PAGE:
On the day of Piñera’s inauguration in March 2010, Chile was the victim of a 7.2 magnitude earthquake that struck the centre of the country, killing over 500 people and making 1,000s homeless. After the quake came the tsunami warning… Nevertheless, Sebastián Piñera’s ratings are soaring; he is now one of the people! The mining crisis saw 33 hairy men in Oakley wraparound glasses go free and one man becoming the star, both in his home country and on the worldwide stage. Everyone's a winner…

David Hellqvist is the Commissioning Editor of Dazed Digital, a freelance contributor to Men’s Vogue and GQ in China, AnOther Man, ZOO and i-D Magazines. He also writes the blog Fashion in Politics

Jóhanna Sigurðardóttir - The Spin - AnOther Mag

The Spin | Jóhanna Sigurðardóttir
— October 12, 2010—
David Hellqvist tries to make sense of the sartorial choices of World Leaders in his column The Spin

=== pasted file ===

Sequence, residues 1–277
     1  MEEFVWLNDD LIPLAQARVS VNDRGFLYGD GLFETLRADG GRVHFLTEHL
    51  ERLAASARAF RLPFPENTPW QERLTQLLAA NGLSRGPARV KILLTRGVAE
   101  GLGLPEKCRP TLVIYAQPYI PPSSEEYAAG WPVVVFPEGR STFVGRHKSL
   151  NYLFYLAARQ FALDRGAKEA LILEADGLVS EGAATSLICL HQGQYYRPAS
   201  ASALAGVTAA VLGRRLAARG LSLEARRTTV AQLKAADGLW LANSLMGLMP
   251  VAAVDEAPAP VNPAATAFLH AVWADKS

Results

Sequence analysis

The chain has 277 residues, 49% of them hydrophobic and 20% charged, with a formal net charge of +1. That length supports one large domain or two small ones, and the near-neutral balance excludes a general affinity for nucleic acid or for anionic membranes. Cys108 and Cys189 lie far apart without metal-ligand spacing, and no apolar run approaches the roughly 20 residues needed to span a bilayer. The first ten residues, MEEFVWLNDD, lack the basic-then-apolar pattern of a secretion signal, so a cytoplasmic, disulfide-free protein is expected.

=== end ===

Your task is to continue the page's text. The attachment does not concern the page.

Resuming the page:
When Jóhanna Sigurðardóttir lost the Icelandic Social Demcocrat party’s leadership election in 1994 she famously said “Minn tími mun koma”, meaning “my time will come”. In January 2009 that went from being an empty threat to a prophecy, because that’s when Sigurðardóttir finally took command of both her party and country. As Iceland’s prime minister she not only became the island’s first female PM, but also the world’s only openly gay leader.

This social, political, sexual and cultural breakthrough, though, is of course not the only thing that Iceland is well known for these days, and the other fame factors are unfortunately not as positive. Only a year ago ill-managed Icelandic banks nearly caused irreparable financial damage in mainland Europe. And then there was that infernal ash cloud…

Crises aside, Iceland has many talented and aesthetically refined aspects to it as well. In terms of music, art and fashion, proportionally Iceland competes successfully with its stylish northern neighbours Scandinavia. And, as far as politicians go, Sigurðardóttir is doing her bit to help out. Her biggest asset is her silver white hair. When paired with a white coat, she looks like an ice princess. Add to that a bold and strong use of red lipstick and you’ll have a lady politician not afraid of standing out. A penchant for over sized necklaces and eye-catching glasses makes for a fairly full-on silhouette.